Inspiring stories I liked

The river of life
(TOI dated 15-07-2010)

Two young girls, Laukika and Samatha, set off on an adventure. Both of them had completed their formal education and before venturing into their respective samsaric enterprises, they thought of taking a break to contemplate life. And thus was born this hedonistic idea of journeying down the river.
Laukika was so overwhelmed with the river’s speed, energy and her own enthusiasm that she said to her friend: “I’m going to jump into the river, Samantha and be carried along with its great energies. Meet you later.” So saying, she took the plunge, without waiting for her friend to respond.
Laukika enjoyed the initial adventure. At times the river frightened her, its strong current sweeping her along. But she dismissed her fears as she was taken up by the full flow of the river. The current carried her afar, and she could now no longer see the shore. Laukika was euphoric and wanted more of the adventure. Forever engrossed in steadying herself from the speed of her journey, she managed mere fleeting glimpses of the beauty around her.
Now, the waves got bigger, the waters deeper, the river widened, the gushing became so forceful that she was thrown about, knocked about on the rocks all over, water and sand filled her nostrils and mouth, she was being bruised... by the gravel and creatures in the river. The girl panicked. She had had enough; she wanted to come ashore. “Help me to the shore, someone”, she cried, but no one heard her. Those who did hear her couldn’t do much, as they were not in a position to help her.
Meanwhile, Samatha had set out on foot. “I choose to walk down the river bank instead. I might be able to enjoy the vistas better this way”, she had thought to herself before embarking on her journey.
Many years passed. The two friends met again. They hugged each other, happy to meet once again. They shared their experiences.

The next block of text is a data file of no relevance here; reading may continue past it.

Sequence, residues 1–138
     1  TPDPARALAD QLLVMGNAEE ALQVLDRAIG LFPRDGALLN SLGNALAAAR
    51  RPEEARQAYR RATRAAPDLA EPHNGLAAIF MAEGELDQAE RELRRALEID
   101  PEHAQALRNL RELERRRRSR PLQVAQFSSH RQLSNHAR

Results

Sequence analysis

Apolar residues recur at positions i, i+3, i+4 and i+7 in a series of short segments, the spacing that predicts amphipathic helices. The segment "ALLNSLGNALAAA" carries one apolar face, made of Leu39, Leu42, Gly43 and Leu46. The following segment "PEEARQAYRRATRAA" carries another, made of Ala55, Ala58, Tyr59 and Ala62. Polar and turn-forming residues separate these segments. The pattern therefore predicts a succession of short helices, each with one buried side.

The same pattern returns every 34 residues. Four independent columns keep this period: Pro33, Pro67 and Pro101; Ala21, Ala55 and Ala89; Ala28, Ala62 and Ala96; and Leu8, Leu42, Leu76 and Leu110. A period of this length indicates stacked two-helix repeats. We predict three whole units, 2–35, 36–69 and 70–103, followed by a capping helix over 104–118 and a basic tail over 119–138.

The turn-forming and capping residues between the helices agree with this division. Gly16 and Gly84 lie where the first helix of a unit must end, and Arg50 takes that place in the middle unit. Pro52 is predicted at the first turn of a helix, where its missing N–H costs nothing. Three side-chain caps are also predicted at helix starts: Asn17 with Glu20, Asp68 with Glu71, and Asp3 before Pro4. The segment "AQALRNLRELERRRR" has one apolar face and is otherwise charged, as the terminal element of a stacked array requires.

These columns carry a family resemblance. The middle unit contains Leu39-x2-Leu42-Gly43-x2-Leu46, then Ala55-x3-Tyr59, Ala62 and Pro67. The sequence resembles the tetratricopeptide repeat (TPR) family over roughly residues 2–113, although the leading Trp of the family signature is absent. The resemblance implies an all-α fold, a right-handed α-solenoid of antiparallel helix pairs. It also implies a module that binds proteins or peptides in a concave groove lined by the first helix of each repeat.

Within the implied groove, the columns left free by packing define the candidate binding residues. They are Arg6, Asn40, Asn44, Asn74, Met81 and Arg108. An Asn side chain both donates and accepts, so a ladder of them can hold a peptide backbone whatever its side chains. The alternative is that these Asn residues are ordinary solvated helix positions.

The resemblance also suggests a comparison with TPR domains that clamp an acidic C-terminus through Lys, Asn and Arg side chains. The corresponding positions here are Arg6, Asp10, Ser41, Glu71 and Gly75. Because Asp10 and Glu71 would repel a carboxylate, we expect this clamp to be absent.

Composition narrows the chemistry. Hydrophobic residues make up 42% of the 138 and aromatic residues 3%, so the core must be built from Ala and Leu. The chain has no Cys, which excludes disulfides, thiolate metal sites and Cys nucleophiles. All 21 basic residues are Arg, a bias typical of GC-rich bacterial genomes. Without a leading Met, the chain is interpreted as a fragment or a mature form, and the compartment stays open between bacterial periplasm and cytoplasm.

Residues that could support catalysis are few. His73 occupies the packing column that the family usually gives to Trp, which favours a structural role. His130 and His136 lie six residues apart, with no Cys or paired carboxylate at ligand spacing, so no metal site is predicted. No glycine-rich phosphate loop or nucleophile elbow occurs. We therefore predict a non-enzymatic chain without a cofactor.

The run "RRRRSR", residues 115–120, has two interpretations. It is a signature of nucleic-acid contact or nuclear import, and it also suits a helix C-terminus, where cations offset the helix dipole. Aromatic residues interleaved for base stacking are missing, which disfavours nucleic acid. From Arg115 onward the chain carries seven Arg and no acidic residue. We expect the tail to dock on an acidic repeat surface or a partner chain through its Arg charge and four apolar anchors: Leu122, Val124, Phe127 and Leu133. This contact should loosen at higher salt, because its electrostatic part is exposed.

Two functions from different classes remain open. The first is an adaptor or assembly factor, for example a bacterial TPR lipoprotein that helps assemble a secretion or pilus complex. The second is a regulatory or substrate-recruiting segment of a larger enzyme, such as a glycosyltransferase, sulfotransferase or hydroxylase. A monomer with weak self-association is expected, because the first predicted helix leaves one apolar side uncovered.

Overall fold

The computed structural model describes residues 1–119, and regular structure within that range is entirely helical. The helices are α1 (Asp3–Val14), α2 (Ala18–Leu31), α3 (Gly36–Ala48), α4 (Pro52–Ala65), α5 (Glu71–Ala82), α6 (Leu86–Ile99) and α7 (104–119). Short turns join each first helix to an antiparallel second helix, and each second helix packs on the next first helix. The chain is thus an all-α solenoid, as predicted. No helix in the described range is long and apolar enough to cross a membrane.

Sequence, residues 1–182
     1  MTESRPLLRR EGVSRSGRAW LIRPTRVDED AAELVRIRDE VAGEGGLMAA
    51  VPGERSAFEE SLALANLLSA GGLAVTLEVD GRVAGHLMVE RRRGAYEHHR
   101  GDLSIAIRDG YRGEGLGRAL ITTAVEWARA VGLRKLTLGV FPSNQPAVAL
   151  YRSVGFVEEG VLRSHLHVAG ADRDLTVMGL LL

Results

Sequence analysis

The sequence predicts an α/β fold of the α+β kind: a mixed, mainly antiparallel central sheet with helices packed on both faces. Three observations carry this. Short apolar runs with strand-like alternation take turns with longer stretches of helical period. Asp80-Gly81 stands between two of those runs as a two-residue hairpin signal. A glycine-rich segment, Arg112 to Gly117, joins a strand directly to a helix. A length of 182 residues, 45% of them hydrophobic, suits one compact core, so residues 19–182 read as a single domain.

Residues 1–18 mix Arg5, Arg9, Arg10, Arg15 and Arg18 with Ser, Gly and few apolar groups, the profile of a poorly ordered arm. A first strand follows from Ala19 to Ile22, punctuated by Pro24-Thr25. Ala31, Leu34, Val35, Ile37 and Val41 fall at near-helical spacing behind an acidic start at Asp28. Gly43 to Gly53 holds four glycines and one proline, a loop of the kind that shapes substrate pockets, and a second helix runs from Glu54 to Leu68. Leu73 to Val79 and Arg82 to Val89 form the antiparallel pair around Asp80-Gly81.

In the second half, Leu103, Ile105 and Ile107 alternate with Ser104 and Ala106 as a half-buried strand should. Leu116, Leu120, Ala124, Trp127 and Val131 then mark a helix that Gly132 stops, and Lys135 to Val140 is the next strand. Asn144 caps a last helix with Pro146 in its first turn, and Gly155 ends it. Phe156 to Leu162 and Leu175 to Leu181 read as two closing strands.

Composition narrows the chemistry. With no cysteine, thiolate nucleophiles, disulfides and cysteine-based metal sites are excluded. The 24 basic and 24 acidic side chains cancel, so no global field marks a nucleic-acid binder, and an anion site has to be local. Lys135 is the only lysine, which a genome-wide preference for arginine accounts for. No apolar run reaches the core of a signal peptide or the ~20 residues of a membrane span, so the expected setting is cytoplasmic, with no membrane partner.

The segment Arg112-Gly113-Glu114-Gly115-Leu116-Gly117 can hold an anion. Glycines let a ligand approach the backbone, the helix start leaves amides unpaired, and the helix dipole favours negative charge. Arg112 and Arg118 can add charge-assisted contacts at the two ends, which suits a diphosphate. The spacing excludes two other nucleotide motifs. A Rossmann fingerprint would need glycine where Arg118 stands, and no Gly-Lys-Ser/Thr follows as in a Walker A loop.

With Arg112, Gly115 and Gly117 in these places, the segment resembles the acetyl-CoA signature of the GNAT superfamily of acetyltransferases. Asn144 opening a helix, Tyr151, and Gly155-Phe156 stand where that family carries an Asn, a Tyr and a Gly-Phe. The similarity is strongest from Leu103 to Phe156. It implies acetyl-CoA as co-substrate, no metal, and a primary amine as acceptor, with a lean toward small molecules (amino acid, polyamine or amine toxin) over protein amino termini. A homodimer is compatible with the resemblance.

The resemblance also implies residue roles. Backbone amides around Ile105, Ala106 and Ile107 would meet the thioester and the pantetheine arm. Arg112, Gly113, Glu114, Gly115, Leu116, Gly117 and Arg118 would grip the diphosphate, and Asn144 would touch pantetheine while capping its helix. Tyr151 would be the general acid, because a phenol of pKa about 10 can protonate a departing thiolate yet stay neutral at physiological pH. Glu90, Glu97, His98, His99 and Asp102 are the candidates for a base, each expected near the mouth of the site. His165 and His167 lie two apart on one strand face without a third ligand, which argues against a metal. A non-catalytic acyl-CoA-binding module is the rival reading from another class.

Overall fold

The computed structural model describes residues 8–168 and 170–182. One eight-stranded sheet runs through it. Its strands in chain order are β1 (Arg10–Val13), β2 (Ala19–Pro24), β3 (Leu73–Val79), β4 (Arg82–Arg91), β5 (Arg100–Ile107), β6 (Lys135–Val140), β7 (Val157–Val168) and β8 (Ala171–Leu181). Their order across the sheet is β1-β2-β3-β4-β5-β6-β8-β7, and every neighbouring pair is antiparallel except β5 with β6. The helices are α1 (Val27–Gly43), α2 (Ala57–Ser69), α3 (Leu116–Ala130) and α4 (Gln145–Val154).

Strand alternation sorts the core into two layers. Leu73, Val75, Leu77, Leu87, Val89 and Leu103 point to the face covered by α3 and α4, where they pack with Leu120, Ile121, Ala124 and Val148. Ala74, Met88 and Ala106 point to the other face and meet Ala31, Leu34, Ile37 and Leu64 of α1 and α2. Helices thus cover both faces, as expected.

Laukika admitted she did have her share of fun, but the journey had tired her out. Moreover, she felt vacant inside. There was so much she wanted to do, she said, but the sheer speed of her journey didn’t permit her to take those liberties.
Samatha spoke: “I too thought for long after you left me, Laukika. I was tempted to follow you. The river looked enticing. But then, there was no hurry, either. I chose to walk down instead. I got to experience and enjoy the scenic offerings around the river. I marvelled at the sunrise and sunsets that were so different each day. The open blue sky was so re-assuring, as were the stars at night. I played with the countless birds and butterflies that filled the forest. I stopped to smell the forest and waited with bated breath for the kingfisher to dive into the waters for a quick meal, and the seagulls that flew over my head. I was tempted many times to plunge myself into the racing river – but would spend only a little time in the waters before drying myself on the warm rocks on the banks, read a book and resume my journey.
The local people who collected firewood and fruits from the forest would invite me to their humble homes. I would play with their children and share with them simple tips on improving their health before bidding them goodbye. It has been an amazing journey.”
The friends sat in silence, mulling over the choices they’d made and the experiences they’d been through.
-The author is a Pune-based Dharma practitioner www.urbanlama.blogspot.com

Story Of Kaliya The Snake

Satsang: Asaram Bapu